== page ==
The University of Alabama have discovered that participants who took magic mushrooms, DMT, mescaline and LSD had significantly reduced suicidal thoughts suicide attempts and psychological distress in the long term.
The study, published recently in the Journal of Pharmacology, analyzed data from an annual survey conducted by the National Survey on Drug Use and Health that measures substance abuse in relation to mental illness. The data were compiled between 2008 and 2012, and drew from the experiences of 190,000 adults. Participants took the survey online, answering pre-recorded questions about their individual use of classic psychedelics.
Of those surveyed, 13.6%, or about 27,235 people, reported having used classic psychedelics. The results showed that those who had taken these substances were 19% less likely to have psychological distress in the past month, and their reports of suicidal thoughts in the past year were 14% lower than those who didn’t use the drugs. What’s more, that same group reported 36% fewer suicide attempts in the past year.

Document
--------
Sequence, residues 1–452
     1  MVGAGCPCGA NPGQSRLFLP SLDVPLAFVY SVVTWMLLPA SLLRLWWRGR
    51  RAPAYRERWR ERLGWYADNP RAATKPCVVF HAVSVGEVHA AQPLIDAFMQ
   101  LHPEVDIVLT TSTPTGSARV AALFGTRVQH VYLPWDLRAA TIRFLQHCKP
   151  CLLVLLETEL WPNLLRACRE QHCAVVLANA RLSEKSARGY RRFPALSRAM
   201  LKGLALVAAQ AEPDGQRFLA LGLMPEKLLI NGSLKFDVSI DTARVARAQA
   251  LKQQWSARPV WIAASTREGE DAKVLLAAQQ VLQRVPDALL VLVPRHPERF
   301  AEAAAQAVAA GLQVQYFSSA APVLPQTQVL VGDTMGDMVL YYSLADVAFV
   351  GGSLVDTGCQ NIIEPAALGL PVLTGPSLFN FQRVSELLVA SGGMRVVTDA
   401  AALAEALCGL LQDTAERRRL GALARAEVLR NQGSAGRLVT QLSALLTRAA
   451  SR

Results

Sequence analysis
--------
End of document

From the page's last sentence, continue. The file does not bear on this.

The National Alliance on Mental Illness estimates that 30,000 people in the U.S. die from suicide each year, and worldwide that number is 1 million. While treatment for mental health disorders has improved markedly in the past century, the suicide rate remains stagnant.
Only two studies to date, this one included, specifically address the relationship between mental illness and psychedelics. In 2011, individuals with advanced-stage cancer were given single doses of psilocybin and were found to have reduced long-term incidences of depression and anxiety.
Culturally, psychedelics bear quite a bit of baggage: Timothy Leary’s call to “turn on, tune in and drop out” became a countercultural slogan in the 1960s, and proved damaging to potential research on utilizing the drug to improve mental health for more than three decades. Perhaps this study will be a turning point in how our culture regards psychedelics and mental health. “I know scientists are supposed to be objective and dispassionate,” Hendricks says. “But I’ve seen the data — it seems to me that psychedelics hold tremendous therapeutic potential.”